Finally, as part of the analysis of BB interoperability, the survey asked the relevant partners to indicate if a BB could help enable other technologies or standards. In that sense, the DE4A-VC pattern makes use of a Wallet, which could be an enabler for the EUDI Wallet. Moreover, it was also denoted as having the potential for reuse in order to enable take up of EBSI. Furthermore, the DBA pilot makes use of SEMPER, which could facilitate the adoption and spreading of SEMPER as a standard for authentication and powers/mandates. Finally, the CompanyEvidence model could be used as evidence standard with implementation of SDG OOTS.

BB Maturity

In the first phase of the BB assessment, domain experts provided qualitative assessment of the maturity of the BB along the following dimensions:

1.   Technical

2.   Administrative

3.   Operational

The aim of this initial feedback was to provide the grounds for a comparative analysis over the same dimensions, after the current (second) phase of the BB assessment (i.e. check if anything changed meanwhile).

The following scale was used to provide input on the level of maturity of the given set of BBs by each relevant partner: 0 - Discarded; 1 - Useful, 2 - Acceptable, 3 - Recommended). This is the identical scale employed for the assessment of the BBs in the first phase. As a reference, the semantics behind these scores is also again given here on Figure 4 below.

Figure 4. Grading semantics of the evaluation scores used in the first and the second phase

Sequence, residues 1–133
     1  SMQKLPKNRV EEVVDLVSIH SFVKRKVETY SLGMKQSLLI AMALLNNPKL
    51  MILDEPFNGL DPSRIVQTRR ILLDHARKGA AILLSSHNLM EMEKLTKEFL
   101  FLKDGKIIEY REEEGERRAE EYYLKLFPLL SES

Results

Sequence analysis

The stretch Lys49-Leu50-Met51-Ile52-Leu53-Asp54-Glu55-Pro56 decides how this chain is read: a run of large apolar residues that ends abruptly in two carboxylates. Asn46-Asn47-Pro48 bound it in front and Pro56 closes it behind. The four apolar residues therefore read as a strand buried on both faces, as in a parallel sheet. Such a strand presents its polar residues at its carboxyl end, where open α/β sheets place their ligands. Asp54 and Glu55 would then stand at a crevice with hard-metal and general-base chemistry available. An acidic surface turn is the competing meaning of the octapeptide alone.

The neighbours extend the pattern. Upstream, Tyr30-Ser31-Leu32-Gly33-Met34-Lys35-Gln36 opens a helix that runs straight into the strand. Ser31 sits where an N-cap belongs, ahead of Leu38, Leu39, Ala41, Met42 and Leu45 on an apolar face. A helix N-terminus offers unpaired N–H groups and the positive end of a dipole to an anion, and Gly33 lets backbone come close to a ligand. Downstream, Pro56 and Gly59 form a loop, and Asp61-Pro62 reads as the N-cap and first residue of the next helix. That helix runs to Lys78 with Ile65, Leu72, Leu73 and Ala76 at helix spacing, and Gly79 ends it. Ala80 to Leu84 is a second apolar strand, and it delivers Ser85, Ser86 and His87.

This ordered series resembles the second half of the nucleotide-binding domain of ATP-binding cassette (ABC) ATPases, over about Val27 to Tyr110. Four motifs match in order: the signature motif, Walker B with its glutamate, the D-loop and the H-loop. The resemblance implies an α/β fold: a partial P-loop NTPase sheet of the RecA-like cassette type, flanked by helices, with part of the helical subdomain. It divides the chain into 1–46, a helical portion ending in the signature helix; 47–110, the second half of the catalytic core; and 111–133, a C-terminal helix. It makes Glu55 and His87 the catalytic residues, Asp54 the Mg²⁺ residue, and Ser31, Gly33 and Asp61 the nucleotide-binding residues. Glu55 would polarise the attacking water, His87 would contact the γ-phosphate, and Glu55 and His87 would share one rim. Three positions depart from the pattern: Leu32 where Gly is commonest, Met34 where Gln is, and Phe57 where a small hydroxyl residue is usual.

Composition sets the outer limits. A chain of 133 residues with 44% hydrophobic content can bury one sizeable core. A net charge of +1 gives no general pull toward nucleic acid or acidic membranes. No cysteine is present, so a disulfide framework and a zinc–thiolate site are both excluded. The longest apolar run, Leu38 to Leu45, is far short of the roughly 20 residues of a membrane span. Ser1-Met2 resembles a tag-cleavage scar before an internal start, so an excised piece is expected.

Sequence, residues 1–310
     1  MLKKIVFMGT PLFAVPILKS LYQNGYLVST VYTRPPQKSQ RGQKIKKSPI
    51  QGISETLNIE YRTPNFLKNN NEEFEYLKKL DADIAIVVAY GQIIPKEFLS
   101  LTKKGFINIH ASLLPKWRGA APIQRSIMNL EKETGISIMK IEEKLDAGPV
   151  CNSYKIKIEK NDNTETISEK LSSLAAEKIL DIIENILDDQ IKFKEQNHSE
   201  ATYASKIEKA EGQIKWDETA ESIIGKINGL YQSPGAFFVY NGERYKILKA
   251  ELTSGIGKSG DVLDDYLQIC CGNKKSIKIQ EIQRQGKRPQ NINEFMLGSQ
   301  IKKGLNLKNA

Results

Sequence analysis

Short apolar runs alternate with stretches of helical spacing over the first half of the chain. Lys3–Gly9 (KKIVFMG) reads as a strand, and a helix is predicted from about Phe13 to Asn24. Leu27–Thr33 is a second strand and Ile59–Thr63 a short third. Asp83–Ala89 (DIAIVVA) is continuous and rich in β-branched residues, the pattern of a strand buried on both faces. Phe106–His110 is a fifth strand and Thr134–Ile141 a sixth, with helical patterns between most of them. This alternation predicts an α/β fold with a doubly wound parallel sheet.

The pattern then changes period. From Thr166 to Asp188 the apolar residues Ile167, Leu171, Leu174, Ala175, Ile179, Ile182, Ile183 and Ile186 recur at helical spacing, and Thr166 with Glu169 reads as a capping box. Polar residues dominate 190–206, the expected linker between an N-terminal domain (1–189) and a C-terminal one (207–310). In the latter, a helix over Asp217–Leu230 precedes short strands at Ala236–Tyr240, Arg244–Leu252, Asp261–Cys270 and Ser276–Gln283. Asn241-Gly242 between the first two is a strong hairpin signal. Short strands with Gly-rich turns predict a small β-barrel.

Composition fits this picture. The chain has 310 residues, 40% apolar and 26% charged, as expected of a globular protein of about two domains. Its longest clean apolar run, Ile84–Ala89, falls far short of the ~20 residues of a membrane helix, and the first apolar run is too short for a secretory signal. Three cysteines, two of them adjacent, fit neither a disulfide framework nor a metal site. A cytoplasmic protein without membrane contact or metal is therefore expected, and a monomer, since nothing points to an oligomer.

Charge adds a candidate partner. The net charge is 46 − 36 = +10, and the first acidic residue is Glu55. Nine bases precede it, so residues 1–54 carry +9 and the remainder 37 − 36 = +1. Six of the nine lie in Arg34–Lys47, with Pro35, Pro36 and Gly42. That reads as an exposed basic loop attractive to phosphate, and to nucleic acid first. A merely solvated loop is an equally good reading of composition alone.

However, there is one important aspect on which the BB assessment in this phase differs from the previous. Whereas previously we obtained a single evaluation score to determine the general maturity of a BB, in the current iteration, the 13 BBs were evaluated for each type of maturity (Technical, Administrative, Operational). This is actually fine-tuning of the initial methodology, which appeared insufficiently granular to provide correct output. Due to this lack of granularity and the inability to capture some contextual specificities, in the first phase the SEMPER building block was denoted as Immature, but was still Recommended for use in the DE4A.

As Figures 5. a,b and c below show, none of the 13 BBs analyzed in this phase was Discarded for future implementation and reuse. The highest level of maturity was achieved Administrative context, where almost half of the BBs are considered to be completely aligned with current EU policies and only one BB (IAL) is denoted as unstable. From a technical maturity aspect, most of the BBs are implemented and running, while 2 (IAL and MOR) are still unstable and under development. Similar is the case with operational maturity, where 3 BBs are deemed as unstable: SMP/SML[1] , IAL and MOR. Hence, it is reasonable to pinpoint IAL as the least mature BB, which is however not to be discarded for reuse and re-uptake by other projects.

Figure 5. a) Technical Maturity of BB
Figure 5. b) Administrative Maturity of BB
Figure 5. c)Operational Maturity of BB

Figure 6 provides insight into the general state of maturity of each of the BBs, showing that each of the 13 building blocks integrates all aspects of maturity in its overall maturity. Furthermore, the figure also makes it evident that some of the BBs are more advanced in one aspect and less in others. For instance, the DE4A Playground demonstrates higher technical maturity, whereas its operational maturity has been reached to a lesser extent. Similarly, MOR’s maturity is mainly in administrative sense, and to a lesser extent in the technical and operational sense.